The Hotel Paulin is located in the center of Trier and is easy to reach by car, bicycle or public transport.
- Rheinisches Landesmuseum
- Städtisches Museum Simeonstift (direkt an der Porta Nigra)
- Bischöfliches Dom- und Diözesanmuseum
At the end of the pedestrian zone is the Karl Marx House, where Karl Marx was born in 1818. Today the house serves as a museum, which informs about his life and his work.
The amphitheater can be easily reached by bus or bike. After its completion around 100 AD, it accommodated 18,000 visitors and was one of the 10 largest Roman arenas of antiquity – here gladiators fought!
For guests who are visiting Trier for the first time, we can help you plan your
sightseeing trips to interesting places in the oldest city along the river Mosel. We are also pleased to offer you our arranged sightseeing tours.
If you are unable to reach your destination by foot, all important bus lines are available from the Porta Nigra. The popular Mosel bike tour is only a 5-minute bike ride away.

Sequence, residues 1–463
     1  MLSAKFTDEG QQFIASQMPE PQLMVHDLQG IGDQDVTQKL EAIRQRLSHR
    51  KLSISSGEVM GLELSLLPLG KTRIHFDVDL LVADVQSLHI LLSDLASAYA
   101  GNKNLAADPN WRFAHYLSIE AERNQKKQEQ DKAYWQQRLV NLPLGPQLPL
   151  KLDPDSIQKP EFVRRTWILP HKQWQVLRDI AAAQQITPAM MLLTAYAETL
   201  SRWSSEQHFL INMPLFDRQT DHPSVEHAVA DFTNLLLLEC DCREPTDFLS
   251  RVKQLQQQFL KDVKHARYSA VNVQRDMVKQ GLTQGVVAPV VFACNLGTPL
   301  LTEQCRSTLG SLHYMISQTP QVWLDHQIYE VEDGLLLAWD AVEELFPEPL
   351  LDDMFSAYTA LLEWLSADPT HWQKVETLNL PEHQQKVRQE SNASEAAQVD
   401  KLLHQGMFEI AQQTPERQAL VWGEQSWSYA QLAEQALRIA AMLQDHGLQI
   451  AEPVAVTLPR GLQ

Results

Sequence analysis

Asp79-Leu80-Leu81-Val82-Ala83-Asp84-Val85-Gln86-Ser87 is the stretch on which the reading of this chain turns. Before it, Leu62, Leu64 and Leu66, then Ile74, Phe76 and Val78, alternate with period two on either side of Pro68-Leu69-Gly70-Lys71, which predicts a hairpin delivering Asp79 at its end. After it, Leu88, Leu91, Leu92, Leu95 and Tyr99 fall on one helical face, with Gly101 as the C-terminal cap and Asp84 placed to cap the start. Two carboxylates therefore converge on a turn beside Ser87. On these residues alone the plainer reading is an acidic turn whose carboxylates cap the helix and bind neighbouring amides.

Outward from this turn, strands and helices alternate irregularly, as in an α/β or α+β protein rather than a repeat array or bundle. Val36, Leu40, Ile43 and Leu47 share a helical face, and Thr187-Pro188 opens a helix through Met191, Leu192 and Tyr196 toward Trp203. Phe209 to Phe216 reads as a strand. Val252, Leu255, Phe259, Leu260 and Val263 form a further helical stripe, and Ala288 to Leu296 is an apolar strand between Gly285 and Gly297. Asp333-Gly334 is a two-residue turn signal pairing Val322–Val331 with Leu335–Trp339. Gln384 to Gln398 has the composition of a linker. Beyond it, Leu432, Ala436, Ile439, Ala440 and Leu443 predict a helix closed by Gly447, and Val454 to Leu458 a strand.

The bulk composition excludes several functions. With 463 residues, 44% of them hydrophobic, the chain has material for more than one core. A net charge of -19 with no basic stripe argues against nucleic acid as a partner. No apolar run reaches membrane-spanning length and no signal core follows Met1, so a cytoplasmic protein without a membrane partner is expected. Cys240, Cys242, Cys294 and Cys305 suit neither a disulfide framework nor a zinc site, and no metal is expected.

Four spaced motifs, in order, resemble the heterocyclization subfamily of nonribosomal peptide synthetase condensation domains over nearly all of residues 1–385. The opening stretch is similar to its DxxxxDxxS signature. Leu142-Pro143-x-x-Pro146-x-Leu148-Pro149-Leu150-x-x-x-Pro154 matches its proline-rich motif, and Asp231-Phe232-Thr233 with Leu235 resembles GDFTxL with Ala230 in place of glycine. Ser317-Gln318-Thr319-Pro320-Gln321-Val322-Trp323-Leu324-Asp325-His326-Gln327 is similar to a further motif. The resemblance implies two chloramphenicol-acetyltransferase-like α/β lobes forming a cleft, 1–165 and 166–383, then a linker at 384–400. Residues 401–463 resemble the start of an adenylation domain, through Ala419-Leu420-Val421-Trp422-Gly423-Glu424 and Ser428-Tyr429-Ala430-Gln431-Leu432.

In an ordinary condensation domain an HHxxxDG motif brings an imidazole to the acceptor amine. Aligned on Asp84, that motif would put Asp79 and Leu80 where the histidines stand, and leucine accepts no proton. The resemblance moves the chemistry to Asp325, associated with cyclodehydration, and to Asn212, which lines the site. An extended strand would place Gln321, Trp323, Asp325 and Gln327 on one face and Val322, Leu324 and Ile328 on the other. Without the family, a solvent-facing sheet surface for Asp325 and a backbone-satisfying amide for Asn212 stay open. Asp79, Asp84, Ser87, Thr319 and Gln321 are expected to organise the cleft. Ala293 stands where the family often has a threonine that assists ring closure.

The Paulin Hotel is situated only a minute from the Porta Nigra. The Porta Nigra (black gate), the famous landmark of the city, was built around 180 AD as a northern city gate and is considered today as the best preserved city gate from antiquity. Next to it you can find the Tourist Information Office, with the pedestrian zone immediately adjacent, where you can comfortably reach Triers main sights by foot. One of the historic monuments in the pedestrian zone are the roman baths on the Viehmarkt, which were discovered in 1987 when excavating an underground car park. These are located inside a protective building with glass facades, designed by the well-known architect Oswald Mathias Ungers.
Trier Cathedral is just a few minutes’ walk away. It is the oldest Episcopal Church in Germany and houses the Holy Rock, the fragments of the tunic of Jesus Christ. During the last pilgrimage in 1996 about 700,000 pilgrims came to Trier.
The second largest church in Trier, the Konstantinbasilika, can be reached on foot in about 10 minutes. It houses the largest room, which has survived from ancient times, with an impressive length of 67 m, 27 m wide and 33 m high. The Kurfürstliches Palais is located practically next to the basilica. Its Rococo wing, together with the adjoining palace garden, offers a magnificent backdrop.
Just a few meters further you will find the Kaiserthermen, a Roman baths complex with underground labyrinthine corridors, built around 300 AD.